The album sleeve was photographed at the studio of artist Julius Kronberg. The first single off the album was the Agnetha-led ’One Of Us’ – ABBA’s final major worldwide hit – which dealt with a woman wishing that she could patch up a dead relationship, a divorce story that paralleled ’When All Is Said And Done’. Elsewhere on the album, darker subjects such as cold-war era threats of world destruction were explored in Agnetha’s ’Soldiers’, while the Frida-sung title track, ’The Visitors’, dealt with the fate of dissidents in the Soviet Union of the time. The closing selection, ’Like An Angel Passing Through My Room’, was a woman’s solitary musings, featuring only Frida’s voice accompanied by a very bare synthesizer arrangement. Bleak, indeed.
Believing In Angels
Sessions concluded with a mixing session for ’Soldiers’ on November 14, but by then the concept for the album had already been created. As usual, ABBA’s trusted sleeve designer, Rune Söderqvist, was the man behind the artwork. After giving the matter some thought, Rune came up with an ”angel” concept. The ”visitors” of the album title might very well be angels, he thought, and besides, the album included a track entitled ’Like An Angel Passing Through My Room’. The next step was to develop that concept into an idea for the album cover. ”I knew that the painter Julius Kronberg had painted a lot of angels in his time,” Rune recalled, ”so I located his studio – at the Skansen park [in Stockholm] – which contained several of his paintings.”
Together with photographer Lasse Larsson – who also shot the Super Trouper album cover –Rune Söderqvist assembled the group in the cold, unheated studio, and arranged a picture of them with a giant painting of an angel as backdrop. For the first time on an album cover, the members were depicted as separate individuals rather than a close-knit group. The physically chilly environment and the general sense of fatigue at being ABBA no doubt contributed to the mood at the photo session. ”We might not go on working with this forever,” Björn remarked at the time. ”We’ve emptied ourselves of everything we’ve got to give.” Indeed, the following year the group released only two further singles of newly recorded music before going their separate ways.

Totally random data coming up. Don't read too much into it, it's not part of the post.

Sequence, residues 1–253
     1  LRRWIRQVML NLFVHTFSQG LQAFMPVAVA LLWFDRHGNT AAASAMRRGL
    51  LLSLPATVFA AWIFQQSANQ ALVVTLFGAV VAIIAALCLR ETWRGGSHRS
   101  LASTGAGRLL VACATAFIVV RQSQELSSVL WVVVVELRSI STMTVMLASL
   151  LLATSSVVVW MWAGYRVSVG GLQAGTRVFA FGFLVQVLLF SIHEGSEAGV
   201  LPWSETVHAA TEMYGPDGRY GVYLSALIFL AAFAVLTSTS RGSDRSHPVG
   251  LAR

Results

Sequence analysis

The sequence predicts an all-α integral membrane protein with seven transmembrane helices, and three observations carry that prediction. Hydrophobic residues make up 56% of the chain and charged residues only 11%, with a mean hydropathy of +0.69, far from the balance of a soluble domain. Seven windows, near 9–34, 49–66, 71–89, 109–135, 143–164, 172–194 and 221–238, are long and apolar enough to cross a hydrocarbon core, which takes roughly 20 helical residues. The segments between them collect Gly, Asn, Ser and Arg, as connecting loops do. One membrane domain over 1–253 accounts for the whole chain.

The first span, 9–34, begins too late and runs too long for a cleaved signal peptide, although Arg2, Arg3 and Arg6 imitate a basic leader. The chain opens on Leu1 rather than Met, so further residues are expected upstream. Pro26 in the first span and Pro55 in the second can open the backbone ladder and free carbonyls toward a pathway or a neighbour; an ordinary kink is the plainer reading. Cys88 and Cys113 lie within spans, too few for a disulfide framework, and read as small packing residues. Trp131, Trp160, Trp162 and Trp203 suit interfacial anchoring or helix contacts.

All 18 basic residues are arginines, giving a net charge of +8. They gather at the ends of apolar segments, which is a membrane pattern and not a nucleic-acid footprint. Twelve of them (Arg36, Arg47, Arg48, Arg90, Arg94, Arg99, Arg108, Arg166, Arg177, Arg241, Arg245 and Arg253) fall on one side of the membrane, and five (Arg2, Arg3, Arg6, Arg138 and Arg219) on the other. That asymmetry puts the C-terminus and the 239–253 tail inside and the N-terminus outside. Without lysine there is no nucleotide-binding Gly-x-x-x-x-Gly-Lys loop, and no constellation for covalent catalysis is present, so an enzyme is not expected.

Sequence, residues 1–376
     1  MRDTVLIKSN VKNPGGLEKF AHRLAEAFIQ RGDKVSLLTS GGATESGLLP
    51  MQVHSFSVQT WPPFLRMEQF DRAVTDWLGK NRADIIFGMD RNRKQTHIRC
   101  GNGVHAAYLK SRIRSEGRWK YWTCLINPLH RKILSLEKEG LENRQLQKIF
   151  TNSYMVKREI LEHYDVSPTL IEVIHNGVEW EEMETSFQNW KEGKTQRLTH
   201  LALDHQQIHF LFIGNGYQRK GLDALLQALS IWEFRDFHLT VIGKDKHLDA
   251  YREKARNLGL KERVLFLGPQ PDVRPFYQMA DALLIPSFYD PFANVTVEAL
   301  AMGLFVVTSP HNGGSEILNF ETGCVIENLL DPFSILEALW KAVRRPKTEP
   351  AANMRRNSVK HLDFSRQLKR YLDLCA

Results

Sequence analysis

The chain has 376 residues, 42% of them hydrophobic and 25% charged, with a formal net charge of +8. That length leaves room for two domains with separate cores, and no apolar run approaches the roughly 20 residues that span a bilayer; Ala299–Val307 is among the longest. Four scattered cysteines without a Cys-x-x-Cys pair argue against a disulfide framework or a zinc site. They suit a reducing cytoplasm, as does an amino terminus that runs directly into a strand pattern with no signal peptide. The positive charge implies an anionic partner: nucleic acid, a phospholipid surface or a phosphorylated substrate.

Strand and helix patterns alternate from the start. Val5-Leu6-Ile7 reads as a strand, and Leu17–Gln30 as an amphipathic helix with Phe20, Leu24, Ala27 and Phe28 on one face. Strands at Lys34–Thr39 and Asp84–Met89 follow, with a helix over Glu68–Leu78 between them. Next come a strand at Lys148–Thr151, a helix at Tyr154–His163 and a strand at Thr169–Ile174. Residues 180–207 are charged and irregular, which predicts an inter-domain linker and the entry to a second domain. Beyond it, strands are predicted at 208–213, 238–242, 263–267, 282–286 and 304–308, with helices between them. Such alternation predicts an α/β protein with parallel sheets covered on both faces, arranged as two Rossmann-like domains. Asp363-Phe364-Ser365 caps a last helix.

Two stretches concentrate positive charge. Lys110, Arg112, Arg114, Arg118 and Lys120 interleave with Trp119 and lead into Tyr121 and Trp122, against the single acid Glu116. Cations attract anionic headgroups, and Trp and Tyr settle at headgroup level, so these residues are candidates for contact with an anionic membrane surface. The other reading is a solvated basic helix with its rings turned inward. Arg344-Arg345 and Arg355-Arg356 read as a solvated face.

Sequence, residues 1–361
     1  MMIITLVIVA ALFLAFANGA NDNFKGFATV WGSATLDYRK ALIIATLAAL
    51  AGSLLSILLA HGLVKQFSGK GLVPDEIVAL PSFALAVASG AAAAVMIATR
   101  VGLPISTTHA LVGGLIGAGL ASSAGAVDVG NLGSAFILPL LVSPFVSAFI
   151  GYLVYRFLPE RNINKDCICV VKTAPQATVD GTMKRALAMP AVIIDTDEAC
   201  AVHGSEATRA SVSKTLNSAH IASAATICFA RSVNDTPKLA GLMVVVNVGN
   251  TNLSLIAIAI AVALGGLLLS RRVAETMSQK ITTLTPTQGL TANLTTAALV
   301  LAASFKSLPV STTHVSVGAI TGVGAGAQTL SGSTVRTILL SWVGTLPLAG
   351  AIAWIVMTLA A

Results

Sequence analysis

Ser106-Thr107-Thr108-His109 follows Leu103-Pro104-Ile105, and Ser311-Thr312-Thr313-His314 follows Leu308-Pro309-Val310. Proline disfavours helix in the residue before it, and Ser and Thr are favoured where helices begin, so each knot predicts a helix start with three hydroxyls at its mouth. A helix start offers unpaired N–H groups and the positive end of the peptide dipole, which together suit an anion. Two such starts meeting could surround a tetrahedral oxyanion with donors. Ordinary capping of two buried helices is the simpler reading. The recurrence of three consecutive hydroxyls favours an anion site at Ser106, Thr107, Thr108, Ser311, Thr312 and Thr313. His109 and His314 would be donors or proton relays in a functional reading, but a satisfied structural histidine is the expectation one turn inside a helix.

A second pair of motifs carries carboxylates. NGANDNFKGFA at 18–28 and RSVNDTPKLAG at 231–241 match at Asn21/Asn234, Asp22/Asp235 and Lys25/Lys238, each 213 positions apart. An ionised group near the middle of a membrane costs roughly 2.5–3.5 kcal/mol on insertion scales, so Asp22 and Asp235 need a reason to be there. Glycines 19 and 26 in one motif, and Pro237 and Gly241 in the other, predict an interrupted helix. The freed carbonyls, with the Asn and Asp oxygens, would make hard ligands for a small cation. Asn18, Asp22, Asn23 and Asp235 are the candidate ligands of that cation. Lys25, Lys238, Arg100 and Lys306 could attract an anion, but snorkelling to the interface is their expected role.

For Björn and Benny it was no longer creatively challenging to go on working within the ABBA concept. One track on The Visitors underlined their ambitions for the future: ’I Let The Music Speak’, with vocals by Frida, was structured very much like a theatrical number. Björn and Benny had long been thinking about writing a full-length musical, and during 1981 those thoughts were closer to being realised than ever before. The Visitors was released on November 30, 1981 and just two weeks later, Andersson and Ulvaeus had a meeting in Stockholm with lyricist Tim Rice – famous for his work with Andrew Lloyd Webber – discussing a potential collaboration. These initial talks eventually resulted in the musical Chess. ”If ABBA hadn’t recorded ’I Let The Music Speak’, I guess we would have used it in Chess,” Björn reflected later.
Today, many people seem to remember ABBA mostly for happy, uptempo songs like ’Waterloo’, ’Dancing Queen’ or ’Take A Chance On Me’, connecting it all with colorful 1970s fashion and hairstyles. But anyone who takes a listen to The Visitors – or, indeed, previous hits like ’SOS’, ’Knowing Me, Knowing You’ and ’The Winner Takes It All’ – will find that beyond the superficial image, there are darker shades to much of ABBA’s output. Frida probably summed it up best when she reflected on The Visitors: ”When you’ve gone through a separation, like all of us had done at the time, it puts a certain mood on the work. Something disappeared that was so fundamental for the joy in our songs, that had always been there before. … Perhaps there was a bit of sadness or bitterness that coloured the making of that album.”